The tiny investor relations firm that allegely provided the tip that brought Galleon Group its most profitable illicit trade was started by a Goldman Sachs institutional sales vice president.
Prosecutors have alleged that before Google announced a shortfall for its earnings in July 2007, a tipster told Galleon the company would miss analyst expectations. That information received from an unidentified Market Street Partners employee. The Market Street employee expected to be richly compensated for providing the tip.
This has started a guessing game about who might have been behind the leak. The person had to have connections to someone in a position to pass on the tip to Galleon’s founder Raj Rajaratnam. You don’t exactly call a stranger and offer an illegal tip in exchange for cash.
Joann Horne, one of the co-founders of Market Street Partners, worked at Goldman for five years from 1994 to 1999. As a vice president in institutional sales she would have worked losely with portfolio managers, analysts, and traders. In 2000, she co-founded the investor relations firm with Carolyn Bass.
It seems far fetched to imagine that Horn would be behind the leak however. For one thing, she is much more than an “employee” at the firm. More importantly, it seems likely that such a leak and demand for payment would come from a shorter term employee rather than someone with a long term interest in the health of the financial firm.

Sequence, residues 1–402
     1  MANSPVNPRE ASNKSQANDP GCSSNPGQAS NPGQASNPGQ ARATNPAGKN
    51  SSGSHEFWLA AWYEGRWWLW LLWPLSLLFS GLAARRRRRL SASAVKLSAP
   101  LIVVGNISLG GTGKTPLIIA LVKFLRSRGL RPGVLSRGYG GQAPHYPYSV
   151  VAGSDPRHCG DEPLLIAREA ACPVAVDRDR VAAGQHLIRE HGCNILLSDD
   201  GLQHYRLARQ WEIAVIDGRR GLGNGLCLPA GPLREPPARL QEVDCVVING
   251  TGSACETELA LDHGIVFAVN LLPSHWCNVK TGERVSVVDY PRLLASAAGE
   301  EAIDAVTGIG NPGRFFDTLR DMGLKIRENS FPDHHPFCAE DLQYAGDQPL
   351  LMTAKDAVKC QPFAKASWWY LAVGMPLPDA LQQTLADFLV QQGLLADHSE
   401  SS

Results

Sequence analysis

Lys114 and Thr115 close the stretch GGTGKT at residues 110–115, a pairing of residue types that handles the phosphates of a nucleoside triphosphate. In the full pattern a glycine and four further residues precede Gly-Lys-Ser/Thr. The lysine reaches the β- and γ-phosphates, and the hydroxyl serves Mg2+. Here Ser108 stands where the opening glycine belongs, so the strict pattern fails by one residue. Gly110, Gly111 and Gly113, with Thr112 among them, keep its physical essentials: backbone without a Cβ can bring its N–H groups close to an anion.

Still, we’re sure the more easily enraged critics of Goldman Sachs will be pleased to know that the Vampire Squid also has its tentacles in the Galleon insider trading scandal. Goldman was not immediately available to comment on this tentacle.
Market Street is virtually unknown. “Employees at the neighbouring offices described Market Street as being quiet and small, with employees preferring to take the stairs rather than the elevator,” Reuters reports. “The median age is 32, according to LinkedIn data.” LinkedIn lists five current employees: Horne, Bass, Vice President Linda Rothemund, Vice President Karen Haus, and analyst Daniel Wood.
We can cross Rothemund and Wood off the list of potential suspects because they weren’t at the firm in July 2007, when the Google earnings were leaked. That leaves only Horne, Bass and Haus among the current employees who could have provided the information.
There are others who LinkedIn reveals worked at the firm but have since left. Jon Avidor, now a law and business student at Northwestern and the Kellogg School of Managemen, worked at the firm as an analyst from January 2006 to February 2008, according to his LinkedIn page. Nate Wright, also now an MBA student at Kellogg, was at Market Street from August 2004 to August 2009.
Kate Sidorovich was a vice president at Market Street from March 2004 to March 2008, and is now the the director of investor relations for eHealth. One person named Hannah Baker doesn’t list the date of her employment but describes herself as an analyst at the firm. There may be other former employees not on LinkedIn.
Interestingly, an earlier Reuters report noted that the firm’s website once listed four partners at the firm–Horn, Bass, Rothemund, and Haus-Moran–but that information has since been deleted.
Most of Market Street’s clients appear to be smaller tech companies. Clearly, Google is by far its largest account. Other clients include NetSuite Inc, DigitalGlobe Inc and Omniture Inc, which was recently bought by Adobe. Here’s a link to their client page.
It’s possible that the leaker may have also offered tips to others, especially after he or she had the demand for payment turned down. Those leaks could have been about Google or any other client of the firm.
Market Street is keeping pretty quiet these days.
“As we’ve said publicly we were not given any advance notice,” a Market Street employee who declined to give her name when a Reuters reporter visited on Monday. “We have not been contacted by any law enforcement agencies. We are very willing and open to cooperating with any investigation but that’s really all we can say at this point.”